$2.50 an hour isn't bad considering in 1996 I was making $5.15 an hour at the grocery store and I was in a union. Of course, you were working full time and I was part time, but still.
  7. Appgrad05

    Appgrad05 Active Member

    First job was in 2000, washing dishes at a local seafood joint. Started out as one day a week, basically a favor since the owner went to church with my family.
    Moved up to a few days a week, then over to the fry station. After a while, moved over to making plates.
    By the summer of 2001, after I graduated high school, I was the de-facto kitchen manager. Spent the summer sweating my ass off and drinking as much cold beer as humanly possible.
  8. Batman

    Batman Well-Known Member

    My first job was in 1992 for a credit card company. I ran all over town putting these little application cards on people's doors, on windshields, etc. Every weekday for an entire summer. Got to see some interesting parts of Trenton, N.J. For a 15-year-old kid it was a little intimidating but I pretty much learned if you don't fuck with people they, for the most part, won't fuck with you. Very valuable life lesson.
    The pay sucked ass. I was supposed to get $1 for each card that got mailed back, but I think the guy in the office just gave me whatever petty cash was on hand. Every two weeks he'd give me something like $50. It did let me buy Tecmo Super Bowl for the NES, though, which created plenty of fun memories of its own.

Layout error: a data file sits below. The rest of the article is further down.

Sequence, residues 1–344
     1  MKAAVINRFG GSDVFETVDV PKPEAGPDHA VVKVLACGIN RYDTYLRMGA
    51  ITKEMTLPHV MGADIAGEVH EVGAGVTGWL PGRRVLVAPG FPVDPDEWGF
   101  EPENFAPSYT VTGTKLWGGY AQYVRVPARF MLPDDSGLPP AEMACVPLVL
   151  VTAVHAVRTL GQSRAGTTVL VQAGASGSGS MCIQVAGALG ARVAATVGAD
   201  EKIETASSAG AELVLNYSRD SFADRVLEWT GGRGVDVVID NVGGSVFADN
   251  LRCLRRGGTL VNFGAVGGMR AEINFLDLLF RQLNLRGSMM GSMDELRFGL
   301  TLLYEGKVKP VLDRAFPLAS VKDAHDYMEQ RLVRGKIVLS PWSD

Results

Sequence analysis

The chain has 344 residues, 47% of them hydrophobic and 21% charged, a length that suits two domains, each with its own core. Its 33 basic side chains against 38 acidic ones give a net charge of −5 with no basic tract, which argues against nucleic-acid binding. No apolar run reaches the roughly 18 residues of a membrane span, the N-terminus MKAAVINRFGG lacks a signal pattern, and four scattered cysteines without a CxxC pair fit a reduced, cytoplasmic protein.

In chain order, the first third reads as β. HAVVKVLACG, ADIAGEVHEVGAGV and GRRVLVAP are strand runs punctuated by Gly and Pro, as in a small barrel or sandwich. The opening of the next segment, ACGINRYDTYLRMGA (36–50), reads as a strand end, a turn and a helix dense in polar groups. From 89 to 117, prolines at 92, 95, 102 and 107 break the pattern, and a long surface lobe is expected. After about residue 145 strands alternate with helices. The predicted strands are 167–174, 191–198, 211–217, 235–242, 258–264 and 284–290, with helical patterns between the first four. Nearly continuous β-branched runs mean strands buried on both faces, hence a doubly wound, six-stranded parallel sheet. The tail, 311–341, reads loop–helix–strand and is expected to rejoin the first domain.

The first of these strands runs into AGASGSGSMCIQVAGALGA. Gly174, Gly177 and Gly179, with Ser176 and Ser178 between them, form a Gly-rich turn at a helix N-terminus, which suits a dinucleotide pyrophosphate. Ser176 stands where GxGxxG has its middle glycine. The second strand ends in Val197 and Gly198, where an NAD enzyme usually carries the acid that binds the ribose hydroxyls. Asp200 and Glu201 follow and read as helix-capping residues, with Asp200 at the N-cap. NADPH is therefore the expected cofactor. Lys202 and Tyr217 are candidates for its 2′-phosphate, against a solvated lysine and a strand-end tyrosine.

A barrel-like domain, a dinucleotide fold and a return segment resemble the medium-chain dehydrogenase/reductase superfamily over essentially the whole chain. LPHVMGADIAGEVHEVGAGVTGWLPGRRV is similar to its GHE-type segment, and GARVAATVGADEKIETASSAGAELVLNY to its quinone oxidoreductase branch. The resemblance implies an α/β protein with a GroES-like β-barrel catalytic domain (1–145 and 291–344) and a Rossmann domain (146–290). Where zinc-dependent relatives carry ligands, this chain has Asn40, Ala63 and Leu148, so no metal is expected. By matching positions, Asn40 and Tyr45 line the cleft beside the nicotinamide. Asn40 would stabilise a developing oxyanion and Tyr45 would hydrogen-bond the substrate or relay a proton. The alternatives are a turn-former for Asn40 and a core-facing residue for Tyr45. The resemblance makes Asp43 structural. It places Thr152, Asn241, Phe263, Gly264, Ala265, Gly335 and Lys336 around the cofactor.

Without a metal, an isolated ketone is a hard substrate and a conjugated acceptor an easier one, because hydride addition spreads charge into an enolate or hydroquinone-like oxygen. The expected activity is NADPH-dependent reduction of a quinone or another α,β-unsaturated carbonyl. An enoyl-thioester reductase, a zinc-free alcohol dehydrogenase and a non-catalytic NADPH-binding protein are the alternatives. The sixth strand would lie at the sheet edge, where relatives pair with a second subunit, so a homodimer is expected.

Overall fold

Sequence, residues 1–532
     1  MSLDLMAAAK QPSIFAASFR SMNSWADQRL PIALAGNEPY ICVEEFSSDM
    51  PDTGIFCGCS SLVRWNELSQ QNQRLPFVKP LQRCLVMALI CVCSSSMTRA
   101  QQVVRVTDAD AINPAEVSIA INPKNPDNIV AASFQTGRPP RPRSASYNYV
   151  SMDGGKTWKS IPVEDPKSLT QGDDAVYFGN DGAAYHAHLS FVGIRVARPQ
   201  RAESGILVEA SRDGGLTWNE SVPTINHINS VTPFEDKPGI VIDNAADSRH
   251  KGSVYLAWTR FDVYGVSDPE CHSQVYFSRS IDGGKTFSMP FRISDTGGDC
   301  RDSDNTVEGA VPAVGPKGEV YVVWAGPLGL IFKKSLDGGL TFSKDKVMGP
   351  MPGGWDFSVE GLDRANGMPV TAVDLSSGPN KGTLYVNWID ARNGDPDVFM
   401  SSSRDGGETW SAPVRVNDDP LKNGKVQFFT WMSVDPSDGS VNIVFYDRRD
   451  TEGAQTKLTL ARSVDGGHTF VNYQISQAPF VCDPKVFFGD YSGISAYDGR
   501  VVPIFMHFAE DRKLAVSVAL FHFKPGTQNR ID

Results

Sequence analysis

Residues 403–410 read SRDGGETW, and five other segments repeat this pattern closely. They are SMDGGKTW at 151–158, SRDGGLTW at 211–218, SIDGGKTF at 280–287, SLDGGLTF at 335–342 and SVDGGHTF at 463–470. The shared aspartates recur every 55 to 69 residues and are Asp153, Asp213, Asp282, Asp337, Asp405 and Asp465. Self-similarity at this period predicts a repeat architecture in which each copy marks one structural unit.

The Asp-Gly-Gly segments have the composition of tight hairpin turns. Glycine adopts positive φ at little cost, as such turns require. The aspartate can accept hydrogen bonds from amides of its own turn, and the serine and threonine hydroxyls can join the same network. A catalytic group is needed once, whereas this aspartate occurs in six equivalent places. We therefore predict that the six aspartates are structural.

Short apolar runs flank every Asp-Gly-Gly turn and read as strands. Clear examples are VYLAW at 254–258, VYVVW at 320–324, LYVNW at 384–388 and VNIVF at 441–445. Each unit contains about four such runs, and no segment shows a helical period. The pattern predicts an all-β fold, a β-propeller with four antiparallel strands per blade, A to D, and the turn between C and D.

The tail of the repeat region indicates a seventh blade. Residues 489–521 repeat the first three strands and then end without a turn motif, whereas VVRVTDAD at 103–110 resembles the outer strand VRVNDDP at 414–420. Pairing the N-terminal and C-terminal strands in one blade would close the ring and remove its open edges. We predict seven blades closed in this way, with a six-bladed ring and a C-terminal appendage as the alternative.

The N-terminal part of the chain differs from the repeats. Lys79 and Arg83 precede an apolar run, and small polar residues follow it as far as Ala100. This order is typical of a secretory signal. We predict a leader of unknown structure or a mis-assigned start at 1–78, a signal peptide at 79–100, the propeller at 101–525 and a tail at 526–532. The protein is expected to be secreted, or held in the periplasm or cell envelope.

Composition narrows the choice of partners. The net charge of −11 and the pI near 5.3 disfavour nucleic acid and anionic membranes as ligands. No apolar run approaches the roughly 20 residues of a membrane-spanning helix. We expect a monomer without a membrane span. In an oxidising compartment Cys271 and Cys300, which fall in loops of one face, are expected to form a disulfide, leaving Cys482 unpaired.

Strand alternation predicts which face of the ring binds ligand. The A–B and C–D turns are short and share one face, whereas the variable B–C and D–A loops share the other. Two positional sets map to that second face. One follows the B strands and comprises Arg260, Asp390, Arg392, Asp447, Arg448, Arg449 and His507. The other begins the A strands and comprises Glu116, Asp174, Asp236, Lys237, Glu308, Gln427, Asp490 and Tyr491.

I remember the manager was a chain smoker who hit me with the wise words, "If the only color you ever see in life is green, you'll do OK." And during the interview there were five or six of us in the office and one guy was falling asleep while we were waiting to be called. I wore a shirt and tie, not knowing this was a douchey job. That guy had a hat on that said, "I'd rather be fishing."
    Did that for two months until I got sick for a few days and got out of the routine. School was starting in a couple weeks anyway and I wanted some sort of summer vacation. The next year I got a job selling ice cream at Six Flags.
  9. My first job was monitoring a group of inner city kids during the summer at a local recreation center. It was the worst.

    I had a group of about 15 children ranging from ages 7-10. Many were from disadvantaged backgrounds and didn’t have much home training (not their fault), so it was brutal trying to teach these kids discipline.

    You had to tell them everything twice, and they didn’t listen unless you were darn near screaming at them. I’m not a screamer so half the time they didn’t follow me.

    What’s weird was at the end of the summer a lot of them cried when I was leaving, despite running roughshod over me for three months.

    I was so drained coming home from work everyday, but that $7 an hour seemed worth it at the time.
  10. Herbert Anchovy

    Herbert Anchovy Active Member

    Unlocking and locking open houses all summer in a posh neighborhood, golf cart and all, just to be able to buy baseball cards and video games. It was the best job I've ever had.
  11. Rumpleforeskin

    Rumpleforeskin Active Member

    When did you get out of prison?
  12. statrat

    statrat Member

    My first real job was the summer after freshman year at college. Wildland firefighting. In retrospect, probably should have done an internship, but man that was fun.